How PMS Vendors & Hoteliers Can Work Together
What to Look for in a PMS Provider
Some of the key takeaways:
- Guest experience is a top priority; leveraging technology is how we accomplish this.
- The industry is lacking technology integration; educate, improve, and invest wisely.
- Hoteliers and vendors are mostly on the same page; can we save time and money?
- Hotels struggle with data; they’re asking for supplier support.
- Don’t believe the hype; the next best shiny tech isn’t always the next best shiny tech. Again, take advantage of the tools and the research in order to invest wisely.
When asked about their top three hotel technology challenges, it was no surprise to me that both groups agreed that the number one challenge was a lack of integration between products (note that twice as many suppliers chose this). In the number two spot, hoteliers cited increasing costs, while suppliers cited a lack of innovation. Both of these ideas are true and have everything to do with the lack of integration . Finally, both groups agreed that meeting guest expectations was the third largest challenge in terms of new technology.
Overwhelmingly, 55.2% of hoteliers were not satisfied with their current PMS provider. My guess is that this is because many hotels are reluctant to move from legacy PMS systems to more modern ones. Other hotel technologies rated a bit higher for the most part. However, based on other questions in the survey related to provider support – it would make sense that hoteliers may feel good about the technology but not as good about the service they’re receiving to support the technologies.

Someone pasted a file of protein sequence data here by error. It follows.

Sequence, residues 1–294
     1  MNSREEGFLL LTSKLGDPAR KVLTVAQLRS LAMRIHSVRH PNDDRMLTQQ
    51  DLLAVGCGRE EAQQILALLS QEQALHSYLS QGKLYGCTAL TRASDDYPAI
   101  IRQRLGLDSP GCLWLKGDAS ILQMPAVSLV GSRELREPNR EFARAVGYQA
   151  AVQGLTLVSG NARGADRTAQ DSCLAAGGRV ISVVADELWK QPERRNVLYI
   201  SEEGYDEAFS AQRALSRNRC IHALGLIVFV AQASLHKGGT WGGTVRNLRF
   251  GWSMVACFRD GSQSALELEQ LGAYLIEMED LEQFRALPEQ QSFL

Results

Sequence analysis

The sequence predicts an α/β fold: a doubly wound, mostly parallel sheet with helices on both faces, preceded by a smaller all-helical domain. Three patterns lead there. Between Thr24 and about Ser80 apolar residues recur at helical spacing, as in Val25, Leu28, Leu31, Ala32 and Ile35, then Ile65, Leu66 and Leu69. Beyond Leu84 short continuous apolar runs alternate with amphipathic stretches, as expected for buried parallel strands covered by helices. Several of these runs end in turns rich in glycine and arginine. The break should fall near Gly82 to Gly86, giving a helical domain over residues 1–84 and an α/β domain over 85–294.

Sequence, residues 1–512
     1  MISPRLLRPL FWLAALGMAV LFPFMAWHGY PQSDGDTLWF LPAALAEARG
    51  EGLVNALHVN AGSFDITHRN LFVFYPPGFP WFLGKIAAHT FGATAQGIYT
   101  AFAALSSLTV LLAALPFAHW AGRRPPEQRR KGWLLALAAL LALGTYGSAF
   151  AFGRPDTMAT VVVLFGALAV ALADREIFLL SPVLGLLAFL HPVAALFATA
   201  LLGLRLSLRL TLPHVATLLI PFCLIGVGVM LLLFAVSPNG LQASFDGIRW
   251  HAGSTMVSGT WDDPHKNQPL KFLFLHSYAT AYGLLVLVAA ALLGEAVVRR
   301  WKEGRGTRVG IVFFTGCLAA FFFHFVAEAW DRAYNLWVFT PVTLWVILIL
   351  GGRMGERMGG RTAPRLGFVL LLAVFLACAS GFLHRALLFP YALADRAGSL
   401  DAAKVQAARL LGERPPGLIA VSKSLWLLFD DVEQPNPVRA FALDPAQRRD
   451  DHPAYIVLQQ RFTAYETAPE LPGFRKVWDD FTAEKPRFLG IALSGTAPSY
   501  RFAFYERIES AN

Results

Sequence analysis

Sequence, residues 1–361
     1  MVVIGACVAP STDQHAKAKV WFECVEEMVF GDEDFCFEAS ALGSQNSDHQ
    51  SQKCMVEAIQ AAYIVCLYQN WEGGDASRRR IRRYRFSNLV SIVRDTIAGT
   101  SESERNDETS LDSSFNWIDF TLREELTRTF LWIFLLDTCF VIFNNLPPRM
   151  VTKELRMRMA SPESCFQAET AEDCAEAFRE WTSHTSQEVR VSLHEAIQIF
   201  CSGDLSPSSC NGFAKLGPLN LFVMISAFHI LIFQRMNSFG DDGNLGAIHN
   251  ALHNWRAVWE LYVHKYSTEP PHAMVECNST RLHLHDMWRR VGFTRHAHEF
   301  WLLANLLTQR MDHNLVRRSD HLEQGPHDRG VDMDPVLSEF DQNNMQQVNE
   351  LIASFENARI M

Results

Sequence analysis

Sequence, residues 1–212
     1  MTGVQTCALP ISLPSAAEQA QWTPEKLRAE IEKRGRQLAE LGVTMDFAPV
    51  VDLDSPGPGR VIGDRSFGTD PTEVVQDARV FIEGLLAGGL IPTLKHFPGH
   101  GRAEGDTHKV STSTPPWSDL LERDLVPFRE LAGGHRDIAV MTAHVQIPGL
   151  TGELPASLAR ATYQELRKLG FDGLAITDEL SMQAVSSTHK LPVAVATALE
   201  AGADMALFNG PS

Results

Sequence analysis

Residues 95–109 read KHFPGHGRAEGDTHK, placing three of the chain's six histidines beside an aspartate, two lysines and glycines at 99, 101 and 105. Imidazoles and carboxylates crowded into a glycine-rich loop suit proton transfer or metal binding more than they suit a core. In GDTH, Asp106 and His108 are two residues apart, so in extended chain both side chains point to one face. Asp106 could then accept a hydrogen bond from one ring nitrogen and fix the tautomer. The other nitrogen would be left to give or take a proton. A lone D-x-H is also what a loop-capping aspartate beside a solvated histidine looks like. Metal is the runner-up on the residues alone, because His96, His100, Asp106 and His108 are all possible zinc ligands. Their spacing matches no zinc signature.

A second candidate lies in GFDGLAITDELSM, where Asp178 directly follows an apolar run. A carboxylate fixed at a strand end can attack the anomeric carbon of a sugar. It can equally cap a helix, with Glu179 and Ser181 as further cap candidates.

When considering the most important factors for choosing new solutions, both groups agreed that ROI, integration to current technology, and ease of use were top priorities. Support, price, and mobility were also top priorities. As our industry evolves to the new open architecture environment, the period for transitioning and connecting systems can take less time and should not add recurring expenses. Hotels are now able to transition to a new cloud-based PMS seamlessly, with no large upfront hardware investments as we finally see the trend move away from the old model of proprietary systems and costly integrations.
Top priorities for booking engine solutions were: integration with PMS and website, ease of use for guests, and mobility. But herein lies another difference. Hotels were focused on ease of use for their systems while suppliers were looking at ease of use for the guest. Still, mobile friendliness held a much higher priority for hoteliers, and in turn for their guests. Ease of use with systems translates to ease of use for guests so in the end, these two priorities are more closely aligned than the survey responses might suggest.
The overall shared consensus provides the best starting point for both groups invested in building open solutions that will continue to redefine the technology landscape over the next few years. Further down the list of priorities: chatbots, virtual reality, and blockchain, all of which came in last place. Whether this is because of a failure to deliver on the promise of this technology, or a failure to understand the value of it, no matter: AI is likely an important advancement for both hoteliers and suppliers alike. Voice search was also determined to be another major disrupter on the horizon.
To me, the survey results are very encouraging. There should definitely be a continued honest exchange of ideas and dialogue between hotels and technology leaders for the greater good of our industry. As we narrow the gaps and come together toward an even more dynamic and integrated technology future, we look forward to building stronger partnerships with greater communication around creating the most flexible solutions, designed to satisfy guest and hotel business needs today and for years to come.